on the Blue Nile, designed to become Africa’s largest hydroelectric power plant. More than 20 percent of the dam has already been completed, and the project is now reaching the stage requiring the diversion of the river. This was the origin of a bitter diplomatic crisis between Egypt and Ethiopia last June, unintentionally peaking when a meeting between President Morsi and some political figures was broadcast live on national TV without the participants’ knowledge. Some attendants openly suggested military actions, sabotage, or proxy war against Addis Ababa, sparking a war of words that was later defused through an official bilateral meeting.93 The Nile dossier was recognized by Mohammed Morsi as one of Egypt’s most urgent priorities since the start of his presidency. He visited Addis Ababa twice to attend African Union (AU) summits, a highly significant presence given Mubarak’s refusal to return to the Ethiopian capital after suffering an armed attack on the airport road in 1995, allegedly at the hands of Sudanese-supported jihadist militants. For his successor, the AU was the right forum to show that a satisfactory solution to the Nile controversy could be the prelude to a renewed and wider Egyptian engagement in sub-Saharan Africa. Though the issue is vital for Egypt, Morsi also tried to exploit it by calling for national unity at a time when the Tamarrod campaign, which called for his resignation, was gaining steam. Most opposition leaders did not heed the call, and eventually the improvident management of such a sensitive issue was used as an additional proof of the Muslim Brotherhood’s incompetence. The dispute over the Nile waters figures among the most important priorities for the new military rulers of Egypt and the current transitional government, and despite the frequent war93  A good chronicle of the crisis can be found in William Lloyd George, “Ethiopia’s Plan to Dam the Nile Has Egypt Fuming,” TIME, June 28, 2013,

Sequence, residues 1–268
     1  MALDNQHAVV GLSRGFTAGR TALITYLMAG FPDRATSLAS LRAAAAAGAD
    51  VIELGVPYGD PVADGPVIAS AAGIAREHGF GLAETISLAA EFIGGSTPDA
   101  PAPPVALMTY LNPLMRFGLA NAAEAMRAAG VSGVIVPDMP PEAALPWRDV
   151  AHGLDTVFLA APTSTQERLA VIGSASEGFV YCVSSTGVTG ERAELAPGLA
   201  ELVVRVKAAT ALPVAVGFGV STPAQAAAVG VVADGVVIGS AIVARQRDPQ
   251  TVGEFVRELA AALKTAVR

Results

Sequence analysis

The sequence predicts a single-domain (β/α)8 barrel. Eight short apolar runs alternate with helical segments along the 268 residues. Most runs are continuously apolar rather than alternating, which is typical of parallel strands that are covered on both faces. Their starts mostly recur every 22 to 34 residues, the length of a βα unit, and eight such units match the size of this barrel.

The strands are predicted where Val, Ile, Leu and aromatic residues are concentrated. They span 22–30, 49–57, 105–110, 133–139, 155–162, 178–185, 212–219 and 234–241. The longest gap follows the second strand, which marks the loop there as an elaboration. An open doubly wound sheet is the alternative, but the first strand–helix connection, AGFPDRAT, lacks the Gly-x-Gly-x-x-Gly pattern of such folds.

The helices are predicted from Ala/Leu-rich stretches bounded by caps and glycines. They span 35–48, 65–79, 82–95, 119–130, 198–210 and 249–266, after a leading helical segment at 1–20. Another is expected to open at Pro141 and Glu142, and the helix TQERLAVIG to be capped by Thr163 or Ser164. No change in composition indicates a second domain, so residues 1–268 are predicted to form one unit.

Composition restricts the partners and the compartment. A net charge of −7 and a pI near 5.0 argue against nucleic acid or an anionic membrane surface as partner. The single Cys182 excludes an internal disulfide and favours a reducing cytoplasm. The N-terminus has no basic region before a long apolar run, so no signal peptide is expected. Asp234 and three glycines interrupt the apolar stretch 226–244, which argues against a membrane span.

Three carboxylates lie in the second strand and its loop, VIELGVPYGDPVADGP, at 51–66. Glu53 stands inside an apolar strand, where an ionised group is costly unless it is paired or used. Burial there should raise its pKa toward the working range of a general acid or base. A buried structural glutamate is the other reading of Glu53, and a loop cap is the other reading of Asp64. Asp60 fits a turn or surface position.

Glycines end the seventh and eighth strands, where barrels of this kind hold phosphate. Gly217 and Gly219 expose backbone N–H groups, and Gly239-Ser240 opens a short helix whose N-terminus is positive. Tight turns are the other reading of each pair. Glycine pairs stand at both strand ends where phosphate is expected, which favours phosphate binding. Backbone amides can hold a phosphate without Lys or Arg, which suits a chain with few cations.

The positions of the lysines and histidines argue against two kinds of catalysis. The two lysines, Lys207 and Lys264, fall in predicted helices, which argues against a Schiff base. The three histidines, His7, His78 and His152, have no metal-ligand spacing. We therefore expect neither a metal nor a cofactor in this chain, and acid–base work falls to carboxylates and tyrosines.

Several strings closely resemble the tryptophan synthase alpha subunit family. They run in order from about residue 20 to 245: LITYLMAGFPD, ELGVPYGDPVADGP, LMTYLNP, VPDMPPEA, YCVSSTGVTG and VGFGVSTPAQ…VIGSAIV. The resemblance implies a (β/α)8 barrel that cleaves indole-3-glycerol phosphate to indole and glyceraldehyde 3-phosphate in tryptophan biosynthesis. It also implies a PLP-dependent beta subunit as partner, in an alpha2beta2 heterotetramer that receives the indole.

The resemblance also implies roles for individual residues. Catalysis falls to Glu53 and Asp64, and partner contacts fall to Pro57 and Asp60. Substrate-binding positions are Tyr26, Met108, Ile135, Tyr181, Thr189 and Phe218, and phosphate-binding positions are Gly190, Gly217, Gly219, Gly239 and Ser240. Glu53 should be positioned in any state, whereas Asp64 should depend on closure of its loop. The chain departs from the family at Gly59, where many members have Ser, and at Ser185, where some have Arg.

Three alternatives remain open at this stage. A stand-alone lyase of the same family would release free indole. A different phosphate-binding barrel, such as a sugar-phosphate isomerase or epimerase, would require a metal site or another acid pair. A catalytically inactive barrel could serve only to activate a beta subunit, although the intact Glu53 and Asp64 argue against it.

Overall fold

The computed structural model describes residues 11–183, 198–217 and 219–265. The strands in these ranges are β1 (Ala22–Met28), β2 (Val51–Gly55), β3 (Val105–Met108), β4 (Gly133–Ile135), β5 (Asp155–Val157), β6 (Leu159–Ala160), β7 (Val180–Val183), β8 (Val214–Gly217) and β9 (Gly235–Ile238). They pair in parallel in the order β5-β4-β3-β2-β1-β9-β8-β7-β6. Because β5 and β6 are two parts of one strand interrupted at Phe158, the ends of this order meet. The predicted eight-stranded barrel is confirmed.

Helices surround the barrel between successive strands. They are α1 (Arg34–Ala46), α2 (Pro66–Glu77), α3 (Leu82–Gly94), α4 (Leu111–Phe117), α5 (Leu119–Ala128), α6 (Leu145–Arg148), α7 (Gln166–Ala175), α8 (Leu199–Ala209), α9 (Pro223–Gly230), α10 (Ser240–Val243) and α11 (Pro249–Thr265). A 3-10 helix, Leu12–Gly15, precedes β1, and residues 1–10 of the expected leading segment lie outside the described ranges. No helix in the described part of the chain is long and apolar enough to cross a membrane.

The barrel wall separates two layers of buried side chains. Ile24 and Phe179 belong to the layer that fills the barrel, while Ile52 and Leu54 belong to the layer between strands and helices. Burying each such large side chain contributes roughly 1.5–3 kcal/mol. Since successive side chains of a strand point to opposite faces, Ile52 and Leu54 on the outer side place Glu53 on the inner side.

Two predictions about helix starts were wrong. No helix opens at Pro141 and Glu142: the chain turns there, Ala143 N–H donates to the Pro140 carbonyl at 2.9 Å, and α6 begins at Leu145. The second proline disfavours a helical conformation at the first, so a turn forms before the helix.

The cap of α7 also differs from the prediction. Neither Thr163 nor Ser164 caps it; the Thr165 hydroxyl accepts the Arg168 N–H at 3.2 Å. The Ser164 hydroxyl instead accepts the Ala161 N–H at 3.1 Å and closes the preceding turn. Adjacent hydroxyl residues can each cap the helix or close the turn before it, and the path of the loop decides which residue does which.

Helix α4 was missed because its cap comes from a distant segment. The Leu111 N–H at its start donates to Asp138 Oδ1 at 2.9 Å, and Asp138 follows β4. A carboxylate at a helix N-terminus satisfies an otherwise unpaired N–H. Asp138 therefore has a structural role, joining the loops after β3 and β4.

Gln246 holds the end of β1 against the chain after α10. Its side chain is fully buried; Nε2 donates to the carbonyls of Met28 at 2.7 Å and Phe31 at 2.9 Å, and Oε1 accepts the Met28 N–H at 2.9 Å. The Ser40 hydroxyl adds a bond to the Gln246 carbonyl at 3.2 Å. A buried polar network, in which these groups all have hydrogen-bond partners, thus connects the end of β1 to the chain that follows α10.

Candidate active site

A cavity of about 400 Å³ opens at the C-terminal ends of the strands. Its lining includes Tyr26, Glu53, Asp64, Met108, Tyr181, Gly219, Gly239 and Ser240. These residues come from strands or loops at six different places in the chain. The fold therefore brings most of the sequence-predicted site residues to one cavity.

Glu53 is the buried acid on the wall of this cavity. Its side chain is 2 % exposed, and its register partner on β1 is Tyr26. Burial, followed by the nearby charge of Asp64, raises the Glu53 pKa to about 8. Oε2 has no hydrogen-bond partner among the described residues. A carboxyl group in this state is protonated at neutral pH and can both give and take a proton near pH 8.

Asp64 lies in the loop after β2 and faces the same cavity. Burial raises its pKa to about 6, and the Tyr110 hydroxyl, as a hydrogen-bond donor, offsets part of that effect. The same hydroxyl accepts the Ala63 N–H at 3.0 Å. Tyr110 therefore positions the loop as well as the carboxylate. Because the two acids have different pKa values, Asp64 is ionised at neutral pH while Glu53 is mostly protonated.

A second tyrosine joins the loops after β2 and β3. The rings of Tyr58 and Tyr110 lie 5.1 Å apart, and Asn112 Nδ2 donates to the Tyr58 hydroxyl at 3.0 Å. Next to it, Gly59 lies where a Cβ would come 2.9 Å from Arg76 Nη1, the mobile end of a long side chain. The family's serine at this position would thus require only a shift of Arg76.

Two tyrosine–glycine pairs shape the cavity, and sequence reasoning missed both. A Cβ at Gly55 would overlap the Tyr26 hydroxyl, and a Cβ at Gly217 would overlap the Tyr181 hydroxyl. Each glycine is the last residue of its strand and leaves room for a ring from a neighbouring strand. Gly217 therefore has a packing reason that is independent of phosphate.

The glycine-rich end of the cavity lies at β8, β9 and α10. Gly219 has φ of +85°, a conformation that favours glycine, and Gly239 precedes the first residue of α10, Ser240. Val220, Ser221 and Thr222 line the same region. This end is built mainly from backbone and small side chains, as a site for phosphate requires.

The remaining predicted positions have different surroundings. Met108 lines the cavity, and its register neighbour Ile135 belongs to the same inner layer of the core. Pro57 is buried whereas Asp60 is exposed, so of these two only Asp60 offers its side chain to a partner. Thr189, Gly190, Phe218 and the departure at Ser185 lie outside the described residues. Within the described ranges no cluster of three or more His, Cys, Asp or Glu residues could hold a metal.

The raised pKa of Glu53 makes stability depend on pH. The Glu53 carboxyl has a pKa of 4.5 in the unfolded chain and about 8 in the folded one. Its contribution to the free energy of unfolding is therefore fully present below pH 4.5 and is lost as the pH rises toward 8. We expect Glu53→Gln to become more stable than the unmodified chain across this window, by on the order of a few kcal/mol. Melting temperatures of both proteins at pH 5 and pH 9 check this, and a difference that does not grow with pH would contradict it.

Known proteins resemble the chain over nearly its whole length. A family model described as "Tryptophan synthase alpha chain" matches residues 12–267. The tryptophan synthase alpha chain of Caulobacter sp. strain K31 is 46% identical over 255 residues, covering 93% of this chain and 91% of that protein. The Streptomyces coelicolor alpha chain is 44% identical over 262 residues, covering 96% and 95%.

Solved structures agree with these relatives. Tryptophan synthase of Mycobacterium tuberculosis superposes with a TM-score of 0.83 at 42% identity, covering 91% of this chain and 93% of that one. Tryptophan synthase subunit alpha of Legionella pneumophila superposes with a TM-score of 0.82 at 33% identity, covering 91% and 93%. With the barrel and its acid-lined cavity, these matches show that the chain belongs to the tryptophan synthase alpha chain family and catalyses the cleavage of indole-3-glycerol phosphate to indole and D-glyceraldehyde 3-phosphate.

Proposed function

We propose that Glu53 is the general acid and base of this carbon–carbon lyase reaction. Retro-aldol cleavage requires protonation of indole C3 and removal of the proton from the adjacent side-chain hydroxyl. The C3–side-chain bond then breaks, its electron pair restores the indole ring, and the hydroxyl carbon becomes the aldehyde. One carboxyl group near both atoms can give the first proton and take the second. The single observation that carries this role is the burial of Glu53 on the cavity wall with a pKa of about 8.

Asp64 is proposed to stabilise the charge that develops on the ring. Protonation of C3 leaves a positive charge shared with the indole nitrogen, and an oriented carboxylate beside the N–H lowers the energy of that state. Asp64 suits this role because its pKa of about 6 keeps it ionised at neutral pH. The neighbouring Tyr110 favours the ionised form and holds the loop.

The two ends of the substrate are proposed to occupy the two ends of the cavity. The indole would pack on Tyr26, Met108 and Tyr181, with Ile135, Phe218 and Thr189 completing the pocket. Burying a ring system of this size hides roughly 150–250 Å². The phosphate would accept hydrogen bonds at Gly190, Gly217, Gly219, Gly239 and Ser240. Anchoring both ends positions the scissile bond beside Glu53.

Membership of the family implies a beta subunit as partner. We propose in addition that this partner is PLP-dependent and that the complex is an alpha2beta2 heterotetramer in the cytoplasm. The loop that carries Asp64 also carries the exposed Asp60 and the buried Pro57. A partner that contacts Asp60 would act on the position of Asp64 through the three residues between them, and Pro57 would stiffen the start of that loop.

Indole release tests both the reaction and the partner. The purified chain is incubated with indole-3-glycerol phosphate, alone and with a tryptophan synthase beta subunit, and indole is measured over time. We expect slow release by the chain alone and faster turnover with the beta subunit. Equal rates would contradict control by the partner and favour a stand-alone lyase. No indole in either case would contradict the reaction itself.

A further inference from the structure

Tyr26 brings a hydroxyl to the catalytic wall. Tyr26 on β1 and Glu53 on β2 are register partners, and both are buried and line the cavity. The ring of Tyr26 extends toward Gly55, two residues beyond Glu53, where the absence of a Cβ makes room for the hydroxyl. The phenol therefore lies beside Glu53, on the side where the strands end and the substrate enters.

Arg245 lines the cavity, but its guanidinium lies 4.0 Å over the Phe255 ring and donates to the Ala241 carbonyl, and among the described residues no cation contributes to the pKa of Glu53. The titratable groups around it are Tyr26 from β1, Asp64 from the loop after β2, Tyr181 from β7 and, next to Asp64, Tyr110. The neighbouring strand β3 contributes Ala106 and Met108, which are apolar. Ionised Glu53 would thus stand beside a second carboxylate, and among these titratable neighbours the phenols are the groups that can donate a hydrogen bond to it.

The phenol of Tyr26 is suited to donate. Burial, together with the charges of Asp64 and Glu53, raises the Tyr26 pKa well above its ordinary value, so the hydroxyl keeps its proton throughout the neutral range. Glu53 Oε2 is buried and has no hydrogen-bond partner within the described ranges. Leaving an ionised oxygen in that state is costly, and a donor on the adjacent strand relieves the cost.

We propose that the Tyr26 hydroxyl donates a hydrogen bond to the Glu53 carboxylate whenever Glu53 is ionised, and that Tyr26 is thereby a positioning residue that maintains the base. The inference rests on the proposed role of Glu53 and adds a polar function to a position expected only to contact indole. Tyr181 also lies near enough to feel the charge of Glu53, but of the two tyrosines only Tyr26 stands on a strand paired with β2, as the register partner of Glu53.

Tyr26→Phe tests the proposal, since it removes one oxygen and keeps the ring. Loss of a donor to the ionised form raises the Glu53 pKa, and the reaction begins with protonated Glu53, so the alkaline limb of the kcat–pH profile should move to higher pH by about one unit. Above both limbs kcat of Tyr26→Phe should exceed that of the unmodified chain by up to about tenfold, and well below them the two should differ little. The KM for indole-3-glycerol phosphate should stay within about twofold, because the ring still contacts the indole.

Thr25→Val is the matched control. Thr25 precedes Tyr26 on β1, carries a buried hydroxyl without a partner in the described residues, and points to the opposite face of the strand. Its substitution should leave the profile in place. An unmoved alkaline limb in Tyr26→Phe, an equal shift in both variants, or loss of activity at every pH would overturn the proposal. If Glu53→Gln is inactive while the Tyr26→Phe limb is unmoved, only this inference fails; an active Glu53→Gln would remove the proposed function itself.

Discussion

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mongering rhetoric when talking about the river, Cairo has no realistic alternatives other than negotiating — and compromising.94 The balance between upstream and downstream countries has been substantially altered by Sudan’s endorsement of the Ethiopian project, breaking a consolidated Egyptian—Sudanese axis that had marked all rounds of negotiations until recently. Once again, Khartoum’s about-face is further proof of how national interest displaces ideological affinity when the two collide. In order to diversify its economy to counter the loss of oil revenues caused by the South’s secession, the NCP has devised an ambitious “hydro-agricultural mission,” which aims to make Sudan once again the “breadbasket” of Africa and the Middle East through the intensive use of dams.95 From this perspective, Sudan has an interest in putting an end to Egypt’s pretension to holding “historic rights” over the Nile. Moreover, Khartoum hopes to benefit from Ethiopia’s new power plants given the two countries’ growing energy interdependence.96 Egypt’s African Policy: Which Comeback? Since the formation of modern Egypt in the 19th century, the Mediterranean and the Middle East have become the privileged environment of Egyptian foreign policy, while the African dimension was largely limited to the Nile Valley. It was Gamal Abdel Nasser who first envisaged and articulated a purely African policy, which he